Robert Fisk once said in The Independent of Tuesday March 9, 2010 the following: Jemal Pasha, one of the architects of the 1915 genocide, and – alas – Turkey’s first feminist, Halide Edip Adivar, helped to run this orphanage of terror in which Armenian children were systematically deprived of their Armenian identity and given new Turkish names, forced to become Muslims and beaten savagely if they were heard to speak Armenian. The Antoura Lazarist college priests have recorded how its original Lazarist teachers were expelled by the Turks and how Jemal Pasha presented himself at the front door with his German bodyguard after a muezzin began calling for Muslim prayers once the statue of the Virgin Mary had been taken from the belfry. Nowadays, would both Armenia and Turkey 2 neighbouring countries of the MENA live side by side and transcend the past.
Always on the same subject, The Economist of June 26, 2017 published this article on possibly one of the most dramatically lived trauma that the Middle East ever experienced and did never since then get over it. Amongst all that is currently going on in this part of the world, it is worth mentioning that after all happy ending such as Reverse diaspora does exist and this is the story with our compliments to the author and thanks to the publisher.
The war may bring an end to a Christian minority’s century-long story
WHEN war broke out in Syria in 2011, some of the wealthier families from the country’s Christian Armenian minority decamped to Yerevan, the Armenian capital, where they rented luxury flats on the city’s Northern Avenue. It felt, some would later say, as though they were on holiday. The government allotted them space in a local school, where Syrian teachers who had fled as refugees continued to instruct their children using the Syrian curriculum. It took some time for it to dawn on them that they might never go home.
Syria’s six-year-old civil war has forced more than 5m of its citizens to seek refuge outside their country. In 2015-16 hundreds of thousands trekked through the Balkans, seeking safety in Europe. But hardly any of Syria’s Armenian minority took this route. Instead, many went to Armenia. With its own population shrunken by emigration (falling from 3.6m in 1991 to 3m today), Armenia was happy to welcome as many Syrian Armenians—most of them educated, middle class and entrepreneurial—as would come.
Before the war some 90,000 ethnic Armenians lived in Syria, two-thirds of them in Aleppo. Many were descended from ancestors who had fled their homeland in 1915, escaping systematic Ottoman massacres and ethnic cleansing. For most of them, the civil war has put an end to a century-long story. Hrair Aguilan, a 61-year-old businessman, invested his life savings in a furniture factory in Aleppo just before the war, only to see it destroyed. Now he is in Yerevan to stay. “It lasted a hundred years. It is finished,” says Mr Aguilan. “There is no future for Christians in the Middle East.”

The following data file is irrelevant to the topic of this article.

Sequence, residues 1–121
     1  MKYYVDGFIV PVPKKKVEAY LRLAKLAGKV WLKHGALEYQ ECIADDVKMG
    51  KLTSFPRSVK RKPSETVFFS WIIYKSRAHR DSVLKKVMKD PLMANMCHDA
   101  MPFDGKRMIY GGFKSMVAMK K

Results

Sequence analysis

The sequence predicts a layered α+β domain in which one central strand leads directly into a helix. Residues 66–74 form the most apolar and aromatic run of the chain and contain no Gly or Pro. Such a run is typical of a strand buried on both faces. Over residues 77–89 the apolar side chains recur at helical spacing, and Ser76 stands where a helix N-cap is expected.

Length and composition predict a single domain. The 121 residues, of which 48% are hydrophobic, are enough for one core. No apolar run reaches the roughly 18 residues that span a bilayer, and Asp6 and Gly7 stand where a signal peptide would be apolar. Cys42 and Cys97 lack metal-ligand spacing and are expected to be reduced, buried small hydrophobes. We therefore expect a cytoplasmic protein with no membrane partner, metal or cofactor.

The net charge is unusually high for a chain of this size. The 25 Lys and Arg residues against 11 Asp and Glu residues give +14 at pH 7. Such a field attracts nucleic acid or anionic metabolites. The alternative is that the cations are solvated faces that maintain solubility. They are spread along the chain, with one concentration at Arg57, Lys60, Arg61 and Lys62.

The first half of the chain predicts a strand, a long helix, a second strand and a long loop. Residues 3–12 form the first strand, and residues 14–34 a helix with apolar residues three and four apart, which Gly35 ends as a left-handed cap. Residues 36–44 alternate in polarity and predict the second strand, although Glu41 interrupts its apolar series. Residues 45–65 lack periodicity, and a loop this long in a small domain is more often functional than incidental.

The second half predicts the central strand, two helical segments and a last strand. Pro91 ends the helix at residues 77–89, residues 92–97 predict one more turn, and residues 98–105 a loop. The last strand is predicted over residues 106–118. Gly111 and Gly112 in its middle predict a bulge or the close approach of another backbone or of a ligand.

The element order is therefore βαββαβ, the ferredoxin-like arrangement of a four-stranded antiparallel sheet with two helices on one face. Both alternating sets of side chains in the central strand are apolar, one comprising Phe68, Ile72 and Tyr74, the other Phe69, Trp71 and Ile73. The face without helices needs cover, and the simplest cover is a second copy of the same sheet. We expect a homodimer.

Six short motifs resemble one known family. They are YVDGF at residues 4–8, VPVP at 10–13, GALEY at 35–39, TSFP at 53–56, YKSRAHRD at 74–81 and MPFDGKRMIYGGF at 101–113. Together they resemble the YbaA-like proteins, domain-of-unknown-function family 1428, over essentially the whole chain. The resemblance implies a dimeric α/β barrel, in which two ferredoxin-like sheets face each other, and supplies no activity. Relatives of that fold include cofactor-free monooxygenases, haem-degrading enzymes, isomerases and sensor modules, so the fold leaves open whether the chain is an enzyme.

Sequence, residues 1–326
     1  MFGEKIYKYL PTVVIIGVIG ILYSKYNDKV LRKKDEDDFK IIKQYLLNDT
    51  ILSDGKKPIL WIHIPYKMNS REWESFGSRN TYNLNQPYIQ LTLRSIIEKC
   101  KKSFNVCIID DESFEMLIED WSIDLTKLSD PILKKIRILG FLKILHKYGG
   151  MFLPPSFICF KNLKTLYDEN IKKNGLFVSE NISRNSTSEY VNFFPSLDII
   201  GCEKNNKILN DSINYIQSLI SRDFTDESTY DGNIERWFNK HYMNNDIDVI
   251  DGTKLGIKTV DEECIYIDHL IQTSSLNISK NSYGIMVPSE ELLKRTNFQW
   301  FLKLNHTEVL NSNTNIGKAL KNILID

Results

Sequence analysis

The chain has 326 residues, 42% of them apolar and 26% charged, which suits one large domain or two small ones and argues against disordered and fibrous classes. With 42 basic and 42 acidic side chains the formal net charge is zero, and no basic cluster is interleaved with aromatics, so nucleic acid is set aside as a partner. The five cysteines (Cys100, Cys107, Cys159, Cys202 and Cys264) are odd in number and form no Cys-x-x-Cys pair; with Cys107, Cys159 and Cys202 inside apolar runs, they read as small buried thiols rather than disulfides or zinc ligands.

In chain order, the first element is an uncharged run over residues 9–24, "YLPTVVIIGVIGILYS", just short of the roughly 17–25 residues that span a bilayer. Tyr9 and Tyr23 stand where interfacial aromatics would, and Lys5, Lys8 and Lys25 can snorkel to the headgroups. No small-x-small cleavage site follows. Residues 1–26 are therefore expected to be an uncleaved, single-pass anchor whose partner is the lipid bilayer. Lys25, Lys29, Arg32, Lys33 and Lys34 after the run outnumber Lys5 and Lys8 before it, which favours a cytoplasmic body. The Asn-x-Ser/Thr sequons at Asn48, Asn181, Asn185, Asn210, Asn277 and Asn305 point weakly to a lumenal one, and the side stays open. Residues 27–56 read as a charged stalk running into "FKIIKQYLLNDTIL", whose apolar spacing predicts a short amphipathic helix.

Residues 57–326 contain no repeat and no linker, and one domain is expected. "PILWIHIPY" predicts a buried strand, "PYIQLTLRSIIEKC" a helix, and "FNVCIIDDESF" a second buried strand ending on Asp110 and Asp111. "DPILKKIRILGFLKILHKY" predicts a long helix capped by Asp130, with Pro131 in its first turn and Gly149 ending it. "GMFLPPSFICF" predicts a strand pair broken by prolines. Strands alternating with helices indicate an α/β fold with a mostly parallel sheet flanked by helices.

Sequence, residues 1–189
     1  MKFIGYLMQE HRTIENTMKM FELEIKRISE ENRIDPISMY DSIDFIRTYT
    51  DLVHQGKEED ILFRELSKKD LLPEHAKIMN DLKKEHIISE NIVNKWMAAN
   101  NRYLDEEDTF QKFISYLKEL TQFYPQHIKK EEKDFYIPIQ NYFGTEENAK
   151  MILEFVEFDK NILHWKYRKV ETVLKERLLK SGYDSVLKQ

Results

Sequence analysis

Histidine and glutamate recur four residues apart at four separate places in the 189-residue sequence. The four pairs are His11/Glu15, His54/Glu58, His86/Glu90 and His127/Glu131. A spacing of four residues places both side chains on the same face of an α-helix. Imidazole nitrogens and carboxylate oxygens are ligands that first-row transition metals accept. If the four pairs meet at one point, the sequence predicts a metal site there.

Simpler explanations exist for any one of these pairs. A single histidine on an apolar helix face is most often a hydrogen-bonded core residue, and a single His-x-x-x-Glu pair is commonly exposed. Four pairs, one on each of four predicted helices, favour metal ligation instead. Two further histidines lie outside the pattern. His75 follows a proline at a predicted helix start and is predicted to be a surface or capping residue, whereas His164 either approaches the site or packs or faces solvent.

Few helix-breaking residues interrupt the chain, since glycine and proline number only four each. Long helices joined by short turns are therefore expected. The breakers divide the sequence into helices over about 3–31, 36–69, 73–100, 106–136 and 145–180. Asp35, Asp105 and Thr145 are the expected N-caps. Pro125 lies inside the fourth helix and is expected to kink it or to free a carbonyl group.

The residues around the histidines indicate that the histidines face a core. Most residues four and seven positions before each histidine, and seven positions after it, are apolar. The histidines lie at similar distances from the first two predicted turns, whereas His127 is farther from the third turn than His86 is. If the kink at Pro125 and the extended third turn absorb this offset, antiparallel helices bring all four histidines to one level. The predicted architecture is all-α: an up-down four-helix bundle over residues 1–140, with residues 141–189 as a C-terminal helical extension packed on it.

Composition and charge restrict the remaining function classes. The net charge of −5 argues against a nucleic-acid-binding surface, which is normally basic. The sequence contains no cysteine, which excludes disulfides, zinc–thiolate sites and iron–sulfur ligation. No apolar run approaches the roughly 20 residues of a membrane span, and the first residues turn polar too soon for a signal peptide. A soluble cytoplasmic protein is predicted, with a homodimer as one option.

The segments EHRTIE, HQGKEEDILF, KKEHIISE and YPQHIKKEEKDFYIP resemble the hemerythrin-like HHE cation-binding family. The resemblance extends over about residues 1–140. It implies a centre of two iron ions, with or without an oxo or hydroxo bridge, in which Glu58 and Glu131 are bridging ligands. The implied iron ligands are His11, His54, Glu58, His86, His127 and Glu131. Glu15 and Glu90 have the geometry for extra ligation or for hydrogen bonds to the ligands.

No more than 30,000 Syrian Armenians are believed to remain in Syria. Many dispersed to Lebanon, Canada, Turkey, the Persian Gulf states and elsewhere. The rest, up to 30,000, went to what they regard as the motherland. (Some have since moved on to other countries.) The wealthy, who found it easy to move, came first. Others tried to wait out the war in Syria, fleeing only once their means were exhausted. They arrived in Armenia with nothing.
Vartan Oskanian, a former foreign minister of Armenia who was born in Aleppo, says many of the refugees have started small businesses. In Syria, members of the Armenian minority tended to be skilled professionals or artisans; they were known as jewellers, doctors, engineers and industrialists. Native Armenians are delighted by the restaurants opened by the newcomers, who have brought their much spicier cuisine to a country where food (and almost everything else) has long been influenced by the bland flavours of Russia.
Almost all of the refugees have ended up in Yerevan, apart from some 30 families from a farming area, who were resettled in Nagorno-Karabakh, an Armenian-held territory that is disputed with Azerbaijan. Some young men who had fought in the Syrian army have volunteered to serve on the front lines of that conflict, but many more young Syrian Armenians hold off on asking for Armenian citizenship so that they do not have to do military service.
Vasken Yacoubian, who once ran a construction company in Damascus, now heads the Armenian branch of the Armenian General Benevolent Union (AGBU), a global charity. He says refugees are still arriving from Syria, if no longer in large numbers. A few have even gone back, especially those with property (if only to try to sell it). Some Syrian Armenians argue that they have a duty to return: their diaspora forms an important branch of Armenian civilisation, and must be preserved.
Yet Mr Oskanian says those who have returned to Syria see little future for the community there. In Syria, Armenians have staunchly backed the regime of Bashar al-Assad, which has protected them from persecution by Muslim extremists. But that government controls only a portion of Syria’s territory, and Mr Assad’s fate in any peace deal is uncertain. Meanwhile officials at Armenia’s Ministry of the Diaspora, which was caught unprepared by the influx of Syrians, are taking no chances. They are making contingency plans in case a new conflict erupts in Lebanon, sending thousands of Lebanese Armenians their way.